- The Washington Times - Tuesday, December 15, 2020

Lawyers for a Virginia gang member asked a federal judge Tuesday to stop his execution, saying he is intellectually disabled and therefore legally ineligible for the death penalty.

Cory Johnson, 45, is scheduled to die in the federal government’s execution chamber next month, just days before President-elect Joseph R. Biden’s inauguration. He was a member of the vicious Newtowne drug gang that terrorized Richmond in the early 1990s.

In 1993, Johnson and two fellow gang members were sentenced to death in federal court for the deaths of 10 people. An 11th homicide attributed to the gang was not prosecuted.

The victims included suspected snitches, rival dealers and those they thought disrespected the gang. One victim was stabbed 85 times, while another was shot and stabbed.

Johnson’s accomplices, James Roane and Richard Tipton, remain on death row, but no execution date has been scheduled.

In court filings Tuesday, Johnson’s attorneys said he is exempt from the death penalty because he is intellectually disabled. They say childhood records show impairments in everyday life skills and can produce a slew of medical experts and associates of Johnson who can verify that claim.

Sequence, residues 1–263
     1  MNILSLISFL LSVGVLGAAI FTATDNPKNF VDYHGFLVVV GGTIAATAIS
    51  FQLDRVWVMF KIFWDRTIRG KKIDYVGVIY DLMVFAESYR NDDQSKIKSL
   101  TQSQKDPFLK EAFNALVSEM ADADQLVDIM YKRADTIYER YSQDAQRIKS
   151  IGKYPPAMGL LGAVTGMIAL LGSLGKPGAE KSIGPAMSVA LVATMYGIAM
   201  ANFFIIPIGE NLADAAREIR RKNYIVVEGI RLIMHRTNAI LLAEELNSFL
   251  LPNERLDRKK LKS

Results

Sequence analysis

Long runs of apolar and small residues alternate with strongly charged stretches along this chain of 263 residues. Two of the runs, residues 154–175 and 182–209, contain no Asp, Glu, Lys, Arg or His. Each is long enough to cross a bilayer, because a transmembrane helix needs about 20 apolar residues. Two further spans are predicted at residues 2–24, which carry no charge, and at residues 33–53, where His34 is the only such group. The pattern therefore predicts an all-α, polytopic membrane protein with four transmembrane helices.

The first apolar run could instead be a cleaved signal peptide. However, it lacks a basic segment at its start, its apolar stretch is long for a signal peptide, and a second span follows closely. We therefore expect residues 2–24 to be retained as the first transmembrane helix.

When Johnson was 13, he was abandoned by his drug-addicted mother to a residential facility for children with intellectual and emotional impairments, according to court documents. His lawyers say he was placed there because he could not learn, and she could not cope with his limitations.

“Widely accepted modern science now recognizes that Cory Johnson’s valid and reliable childhood and adult IQ results were soundly within the intellectual disability range, including an IQ score of 69, when he was 16 years old,” the lawyers wrote in a filing in the U.S. District Court for the Eastern District of Virginia.

Last week, lawyers for another individual on death row, Alfred Bourgeois, raised similar intellectual disability claims in a bid to stop his execution. The Supreme Court rejected that argument, although Justices Elena Kagan and Sonia Sotomayer dissented.

Bourgeois was put to death Friday.

Since the Trump administration began applying the death penalty this summer after a 17-year hiatus, it has put to death 10 federal inmates, the most ever in one year.

In addition to Johnson, two other inmates are scheduled to be executed in January.

• Jeff Mordock can be reached at jmordock@washingtontimes.com.

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